Once all the bathroom fittings and fixtures are in place you may find there is little room left for custom made free-standing cupboards and shelving, so it is vital that storage is considered at the planning stage. Returning to the graph-paper floor plan of your bathroom, assess the available space. Remember that no elements, except perhaps the windows, need be constant. Building a false wall a few feet out from a real one might create an ample walk-in closet.
Alternatively, build-out to either side of the basin to custom size the cabinet or the bath, creating a decorative alcove (which could be mirror-lined) and providing twin storage units. Use the space above and below the fittings; set the basins into cupboards and utilise the otherwise wasted area above the bath with a row of shelves or a towel rail.
Modular shelving units need not necessarily stand against a wall; projecting at right angles, they can also serve as decorative room dividers. Built-in storage units are a good way to make use of every available inch of space. Made to measure, they can be fitted into awkward alcoves or under sloping attic ceilings. A row of floor-to-ceiling cupboards will give a room a streamlined finish, as well as disguise less decorative elements such as the hot water tank or cluttered shelves.
BEHIND CLOSED DOORS
Twin storage units have been built out from the wall to either side of the basin in this sunny, well-lit bathroom. The ‘cupboard’ on the right houses a toilet; the other provides ample space for a shower. The shower’s interior is fully tiled and the unit has a conventional shower door, which provides a better seal than the exterior door. Linked by the pedimented mirror above the basin, the two units add an architectural note to the room, creating a decorative feature out of necessity. For good measure, the design of the doors neatly echoes the shutters at the window and the panels on the bath.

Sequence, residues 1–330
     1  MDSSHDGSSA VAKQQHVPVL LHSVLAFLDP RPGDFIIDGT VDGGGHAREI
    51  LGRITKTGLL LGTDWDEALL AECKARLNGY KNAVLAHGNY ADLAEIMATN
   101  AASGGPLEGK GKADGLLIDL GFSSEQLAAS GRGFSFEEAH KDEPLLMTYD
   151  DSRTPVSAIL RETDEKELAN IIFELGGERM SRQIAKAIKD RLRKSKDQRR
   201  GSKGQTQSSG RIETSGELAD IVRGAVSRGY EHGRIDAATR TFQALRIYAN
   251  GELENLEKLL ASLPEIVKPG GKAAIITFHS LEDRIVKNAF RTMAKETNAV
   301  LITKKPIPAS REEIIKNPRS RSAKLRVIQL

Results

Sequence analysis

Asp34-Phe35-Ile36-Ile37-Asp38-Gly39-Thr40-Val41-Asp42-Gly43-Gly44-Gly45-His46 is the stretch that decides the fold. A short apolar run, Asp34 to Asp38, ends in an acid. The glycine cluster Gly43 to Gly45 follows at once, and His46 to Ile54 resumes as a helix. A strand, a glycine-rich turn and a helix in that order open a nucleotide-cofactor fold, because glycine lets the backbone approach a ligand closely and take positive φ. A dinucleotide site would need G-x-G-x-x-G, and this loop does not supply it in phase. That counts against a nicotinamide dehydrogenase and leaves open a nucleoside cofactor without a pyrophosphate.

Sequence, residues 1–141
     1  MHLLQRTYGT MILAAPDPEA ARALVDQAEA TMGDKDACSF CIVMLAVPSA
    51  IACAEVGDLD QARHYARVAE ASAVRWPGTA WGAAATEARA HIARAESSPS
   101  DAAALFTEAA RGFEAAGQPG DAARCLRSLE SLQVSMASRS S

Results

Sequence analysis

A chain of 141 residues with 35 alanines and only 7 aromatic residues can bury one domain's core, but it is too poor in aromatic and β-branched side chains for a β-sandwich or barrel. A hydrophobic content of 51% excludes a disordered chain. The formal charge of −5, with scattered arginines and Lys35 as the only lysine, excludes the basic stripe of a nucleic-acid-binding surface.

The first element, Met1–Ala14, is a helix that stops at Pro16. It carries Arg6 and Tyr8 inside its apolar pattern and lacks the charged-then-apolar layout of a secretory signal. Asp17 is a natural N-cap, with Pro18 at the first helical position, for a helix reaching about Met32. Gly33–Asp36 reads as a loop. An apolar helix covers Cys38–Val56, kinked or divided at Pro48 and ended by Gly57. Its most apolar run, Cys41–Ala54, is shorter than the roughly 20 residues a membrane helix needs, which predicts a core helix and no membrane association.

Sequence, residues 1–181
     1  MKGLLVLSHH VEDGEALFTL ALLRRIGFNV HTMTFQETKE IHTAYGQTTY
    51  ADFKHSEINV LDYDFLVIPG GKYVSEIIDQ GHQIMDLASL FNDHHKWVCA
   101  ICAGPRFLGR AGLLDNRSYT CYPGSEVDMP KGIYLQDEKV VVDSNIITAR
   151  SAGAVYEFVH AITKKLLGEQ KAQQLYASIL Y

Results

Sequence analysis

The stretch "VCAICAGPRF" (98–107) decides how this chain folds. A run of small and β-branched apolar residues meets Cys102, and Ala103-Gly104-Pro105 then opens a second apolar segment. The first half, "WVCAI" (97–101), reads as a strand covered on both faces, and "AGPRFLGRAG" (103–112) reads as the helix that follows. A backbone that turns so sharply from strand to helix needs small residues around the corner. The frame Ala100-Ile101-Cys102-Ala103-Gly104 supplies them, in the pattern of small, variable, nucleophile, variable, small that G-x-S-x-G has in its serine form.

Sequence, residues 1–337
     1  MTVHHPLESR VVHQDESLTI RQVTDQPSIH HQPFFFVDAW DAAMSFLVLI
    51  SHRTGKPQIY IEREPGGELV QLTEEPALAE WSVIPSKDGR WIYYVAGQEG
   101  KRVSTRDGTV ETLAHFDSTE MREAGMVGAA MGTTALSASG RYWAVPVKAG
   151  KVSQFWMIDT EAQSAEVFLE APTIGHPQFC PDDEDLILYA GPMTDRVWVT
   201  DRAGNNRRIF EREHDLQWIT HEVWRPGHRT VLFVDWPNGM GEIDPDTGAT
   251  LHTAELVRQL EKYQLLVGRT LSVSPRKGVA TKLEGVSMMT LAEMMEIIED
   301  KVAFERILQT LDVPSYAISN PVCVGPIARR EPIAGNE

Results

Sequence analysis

Double doors for the bathroom cabinets can provide a flexible alternative. They allow the two rooms to be closed off from each other completely when shut, and yet virtually made one when open. They would be particularly appropriate in cases where an en suite bathroom has another access and might, on occasions, be used by people other than the occupants of the adjoining bedroom. An en suite bedroom and bathroom should be planned in conjunction. Not only should they look good together, complementing each other in decorative terms, but they should work well together.
Depending on the positioning of the two rooms, the less-than-decorative items such as the toilet and bidet should be discreetly placed out of sight from the bedroom. If they cannot be hidden, then folding wooden screens, either painted or decorated with decoupage or fabric, a curtained canopy, an opaque glass screen or a simple semi – partition wall can all be brought into play. Another ploy is to focus attention elsewhere, making a decorative feature of the bath or basin. Continue the style of decoration through from one room to the other. The bathroom need not be a replica of the bedroom but should echo the same themes.
Use matching fabric at the windows or complement the wallpaper in one room with a fabric in the same design in the other, and run the same floor covering throughout both rooms, if possible, for an added sense of continuity. One final consideration; particular attention should be given to heating en-suite bathrooms, especially if the bathing area is not sectioned off from the bedroom. Large rooms are difficult to heat evenly, and you might want to consider additional heating near the bath to ward off post-bathing chills.